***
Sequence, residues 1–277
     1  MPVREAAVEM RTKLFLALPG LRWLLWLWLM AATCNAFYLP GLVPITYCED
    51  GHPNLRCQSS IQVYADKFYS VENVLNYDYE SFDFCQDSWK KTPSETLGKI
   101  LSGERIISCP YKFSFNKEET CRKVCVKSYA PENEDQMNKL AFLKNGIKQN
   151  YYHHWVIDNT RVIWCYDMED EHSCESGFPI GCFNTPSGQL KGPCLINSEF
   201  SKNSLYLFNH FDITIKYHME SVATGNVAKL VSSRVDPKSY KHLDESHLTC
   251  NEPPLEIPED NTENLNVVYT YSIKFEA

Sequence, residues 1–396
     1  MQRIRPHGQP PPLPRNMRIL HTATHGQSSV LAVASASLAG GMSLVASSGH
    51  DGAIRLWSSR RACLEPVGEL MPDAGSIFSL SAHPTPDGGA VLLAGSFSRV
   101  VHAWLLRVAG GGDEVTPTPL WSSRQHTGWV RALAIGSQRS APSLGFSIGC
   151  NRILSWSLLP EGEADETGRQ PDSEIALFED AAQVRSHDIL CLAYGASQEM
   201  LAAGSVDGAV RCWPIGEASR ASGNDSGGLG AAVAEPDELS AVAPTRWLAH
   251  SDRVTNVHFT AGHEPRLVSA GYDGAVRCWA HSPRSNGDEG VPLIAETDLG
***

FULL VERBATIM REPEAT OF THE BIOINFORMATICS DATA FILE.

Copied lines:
Sequence, residues 1–277
     1  MPVREAAVEM RTKLFLALPG LRWLLWLWLM AATCNAFYLP GLVPITYCED
    51  GHPNLRCQSS IQVYADKFYS VENVLNYDYE SFDFCQDSWK KTPSETLGKI
   101  LSGERIISCP YKFSFNKEET CRKVCVKSYA PENEDQMNKL AFLKNGIKQN
   151  YYHHWVIDNT RVIWCYDMED EHSCESGFPI GCFNTPSGQL KGPCLINSEF
   201  SKNSLYLFNH FDITIKYHME SVATGNVAKL VSSRVDPKSY KHLDESHLTC
   251  NEPPLEIPED NTENLNVVYT YSIKFEA

Sequence, residues 1–396
     1  MQRIRPHGQP PPLPRNMRIL HTATHGQSSV LAVASASLAG GMSLVASSGH
    51  DGAIRLWSSR RACLEPVGEL MPDAGSIFSL SAHPTPDGGA VLLAGSFSRV
   101  VHAWLLRVAG GGDEVTPTPL WSSRQHTGWV RALAIGSQRS APSLGFSIGC
   151  NRILSWSLLP EGEADETGRQ PDSEIALFED AAQVRSHDIL CLAYGASQEM
   201  LAAGSVDGAV RCWPIGEASR ASGNDSGGLG AAVAEPDELS AVAPTRWLAH
   251  SDRVTNVHFT AGHEPRLVSA GYDGAVRCWA HSPRSNGDEG VPLIAETDLG